Taken from the Chinese word that literally means ‘fragrant harbour’, Hong Kong evokes, even by name, bedazzling aromas of incense and sandalwood that once enchanted its trading ports. Today, the saline winds of the South China Sea continues to stimulate the senses in this bustling metropolis, which has come to adopt high-sounding reputations of being the ‘Pearl of the Orient’, a cultural rendezvous between the East and West, one of the world’s top Shopping Paradises, and most of all, Asia’s esteemed international city.
As a local, however, I do not conceive of the city in terms of the spectacular skyline or glamorous shopping malls, though I would not refute the credit they are due. Rather, it’s the more underrated aspects of Hong Kong that charm me – not the urban, but the suburban; not the luxurious, but the quotidian; not the extravagant, but the simple and accessibly joys that this vibrant city has to offer.
Step into one of my favourite areas of Hong Kong that is Sham Shui Po. It is possibly one of the most authentic glimpses into local culture and Old Hong Kong lifestyle and architecture left – one largely unadulterated by voracious urbanism or colonial and expatriate impact. As one of the poorest districts of Hong Kong, host to many ex-refugees and gentlefolk that are steeply embedded in the history of the Communist struggle in China, Sham Shui Po is a must-go for anyone who is keen to strike up revealing conversations with friendly locals who will happily divulge their life stories in broken Chinglish. Of course, the deal must surely be sealed by the eclectic jumble of outrageously affordable electronics and second-hand computer accessories that Ap Liu Street Market offers, or the wholesale fabrics and cheap textiles showcased in the clothes market on Cheung Sha Wan Road. From street stalls of Buddhist palm readers telling your fortune, to strange and wonderful open-air street food catered by Dai-Pai-Dongs (directly translated to “restaurant with big license plate”); Sham Shui Po will immerse its inhabitants in a world of imagination, where the past of the city contends with the present.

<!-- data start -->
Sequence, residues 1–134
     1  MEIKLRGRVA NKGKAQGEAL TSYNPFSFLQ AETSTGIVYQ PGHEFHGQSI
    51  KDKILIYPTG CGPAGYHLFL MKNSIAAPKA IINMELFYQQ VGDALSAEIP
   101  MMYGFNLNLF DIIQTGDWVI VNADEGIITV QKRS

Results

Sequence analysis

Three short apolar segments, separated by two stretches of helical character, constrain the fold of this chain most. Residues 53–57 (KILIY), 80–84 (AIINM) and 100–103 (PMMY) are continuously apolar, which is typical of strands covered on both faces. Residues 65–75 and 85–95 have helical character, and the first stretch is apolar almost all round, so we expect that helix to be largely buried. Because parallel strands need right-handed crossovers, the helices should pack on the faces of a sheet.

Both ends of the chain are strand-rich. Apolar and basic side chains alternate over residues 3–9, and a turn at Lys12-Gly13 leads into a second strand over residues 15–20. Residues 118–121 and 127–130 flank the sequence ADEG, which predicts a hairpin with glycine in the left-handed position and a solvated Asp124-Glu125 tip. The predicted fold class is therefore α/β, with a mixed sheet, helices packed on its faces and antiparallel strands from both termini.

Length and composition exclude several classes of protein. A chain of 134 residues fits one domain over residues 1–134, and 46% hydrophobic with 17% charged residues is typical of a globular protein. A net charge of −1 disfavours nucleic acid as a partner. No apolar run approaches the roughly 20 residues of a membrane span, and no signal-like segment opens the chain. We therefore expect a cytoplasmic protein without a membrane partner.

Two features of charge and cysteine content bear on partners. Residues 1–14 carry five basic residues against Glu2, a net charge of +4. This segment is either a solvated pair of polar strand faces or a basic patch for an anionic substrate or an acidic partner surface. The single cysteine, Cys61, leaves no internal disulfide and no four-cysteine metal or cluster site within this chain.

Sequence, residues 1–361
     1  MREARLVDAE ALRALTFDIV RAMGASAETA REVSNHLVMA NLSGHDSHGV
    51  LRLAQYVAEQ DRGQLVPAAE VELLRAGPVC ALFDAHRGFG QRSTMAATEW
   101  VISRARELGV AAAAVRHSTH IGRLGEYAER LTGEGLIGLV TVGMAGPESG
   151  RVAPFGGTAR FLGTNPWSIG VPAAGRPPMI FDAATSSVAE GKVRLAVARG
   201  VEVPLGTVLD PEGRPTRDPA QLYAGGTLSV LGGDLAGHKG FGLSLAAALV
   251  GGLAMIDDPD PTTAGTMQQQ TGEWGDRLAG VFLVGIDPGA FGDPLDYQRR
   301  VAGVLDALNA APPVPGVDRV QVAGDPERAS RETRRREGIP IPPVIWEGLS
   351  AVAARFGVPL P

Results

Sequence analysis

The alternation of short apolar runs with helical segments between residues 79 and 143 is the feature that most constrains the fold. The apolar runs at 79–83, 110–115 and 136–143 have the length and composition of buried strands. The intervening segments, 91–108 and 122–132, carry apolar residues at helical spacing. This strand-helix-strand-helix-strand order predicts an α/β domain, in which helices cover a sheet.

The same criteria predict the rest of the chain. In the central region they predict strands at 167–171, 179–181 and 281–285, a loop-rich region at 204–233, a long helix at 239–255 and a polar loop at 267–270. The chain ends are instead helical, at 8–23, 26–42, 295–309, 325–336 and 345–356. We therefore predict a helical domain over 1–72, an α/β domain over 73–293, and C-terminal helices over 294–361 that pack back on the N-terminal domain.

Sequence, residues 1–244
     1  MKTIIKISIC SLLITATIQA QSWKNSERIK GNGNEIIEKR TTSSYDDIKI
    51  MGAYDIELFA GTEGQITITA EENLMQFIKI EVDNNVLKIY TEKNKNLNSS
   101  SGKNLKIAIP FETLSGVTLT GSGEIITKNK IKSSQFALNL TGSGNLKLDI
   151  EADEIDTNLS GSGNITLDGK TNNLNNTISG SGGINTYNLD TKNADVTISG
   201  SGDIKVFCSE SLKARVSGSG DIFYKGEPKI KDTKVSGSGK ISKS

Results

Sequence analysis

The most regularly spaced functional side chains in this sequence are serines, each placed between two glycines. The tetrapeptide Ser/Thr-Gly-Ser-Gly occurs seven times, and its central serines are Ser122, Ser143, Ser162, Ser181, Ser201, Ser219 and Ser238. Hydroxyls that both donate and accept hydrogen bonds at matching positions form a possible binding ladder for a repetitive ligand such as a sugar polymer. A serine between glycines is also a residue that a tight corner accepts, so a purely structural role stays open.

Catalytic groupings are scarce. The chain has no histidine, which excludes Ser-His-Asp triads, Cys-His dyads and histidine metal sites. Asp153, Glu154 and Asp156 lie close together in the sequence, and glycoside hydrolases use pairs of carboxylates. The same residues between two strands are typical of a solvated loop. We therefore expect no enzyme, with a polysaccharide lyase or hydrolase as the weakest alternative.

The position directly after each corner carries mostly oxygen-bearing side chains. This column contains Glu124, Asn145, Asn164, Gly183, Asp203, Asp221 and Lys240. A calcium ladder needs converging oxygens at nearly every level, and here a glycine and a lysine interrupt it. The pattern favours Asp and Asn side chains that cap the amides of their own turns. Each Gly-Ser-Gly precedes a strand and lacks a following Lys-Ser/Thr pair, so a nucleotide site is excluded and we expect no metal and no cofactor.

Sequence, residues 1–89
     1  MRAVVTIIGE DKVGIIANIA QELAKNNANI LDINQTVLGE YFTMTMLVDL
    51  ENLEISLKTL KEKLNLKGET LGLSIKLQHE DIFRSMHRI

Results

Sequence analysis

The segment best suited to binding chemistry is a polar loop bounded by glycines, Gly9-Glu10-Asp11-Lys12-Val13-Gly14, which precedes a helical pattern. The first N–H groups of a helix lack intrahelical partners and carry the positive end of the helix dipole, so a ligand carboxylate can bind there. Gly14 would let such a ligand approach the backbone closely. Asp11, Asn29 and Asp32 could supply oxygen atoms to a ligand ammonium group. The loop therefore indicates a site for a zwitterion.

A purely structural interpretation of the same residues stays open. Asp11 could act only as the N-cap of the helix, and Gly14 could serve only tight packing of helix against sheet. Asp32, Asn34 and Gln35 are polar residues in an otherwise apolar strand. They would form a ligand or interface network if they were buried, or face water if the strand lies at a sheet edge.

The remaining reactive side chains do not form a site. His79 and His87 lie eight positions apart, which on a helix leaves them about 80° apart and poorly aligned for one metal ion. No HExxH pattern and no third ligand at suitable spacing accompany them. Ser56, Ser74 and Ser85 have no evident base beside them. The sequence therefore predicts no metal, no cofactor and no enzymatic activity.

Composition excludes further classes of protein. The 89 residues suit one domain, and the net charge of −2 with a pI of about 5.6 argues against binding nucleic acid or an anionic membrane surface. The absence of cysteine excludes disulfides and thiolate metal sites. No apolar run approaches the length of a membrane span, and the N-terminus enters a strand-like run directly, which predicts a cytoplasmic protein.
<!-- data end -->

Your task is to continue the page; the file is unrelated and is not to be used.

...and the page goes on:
Stepping away from the urban and into the countryside, one of the most underrated aspects of Hong Kong is surely its mountains and coastal beaches that are only unique to the geography of this island metropolis. Don your hiking gear, and take a walk on the many country trails that Hong Kong has to offer. My personal favourite would definitely have to be the Dragon’s Back trail that spans the mountain ranges of the Southern district, which descends into the breathtaking gulf of Shek O, where one will find a stunning beach with an excellent selection of seafood restaurants and barbeque pitches. Alternatively you may stroll along the beautiful and peaceful promenade that enwraps the contour of the cliffs between Repulse Bay and Deep Water Bay. It also serves as a great jogging route, and is without a doubt one of my favourite secret places in Hong Kong.
Finally, for the true city dwellers and night owls out there, Lan Kwai Fong will no doubt satiate the longing for a good night out with its array of pubs, bars and clubs. But for me, the true colours of city life thrive in Soho, where young musicians, fashion designers and start-up artists find a worthy platform to express their talents. With its warehouses and mini art galleries displaying creative and new-age paintings, clothes, accessories and furniture, Gough Street is definitely the hub for urbanites and ‘hipsters’; while jazz bars such as Skylark Lounge and Peel Fresco offer a relaxing escape from the restless noises and busyness of the city. The famed night life of this sleepless cosmopolitan will be sure to impress even the most rave-loving and nocturnal of you.
Photo credit: Charmaine Che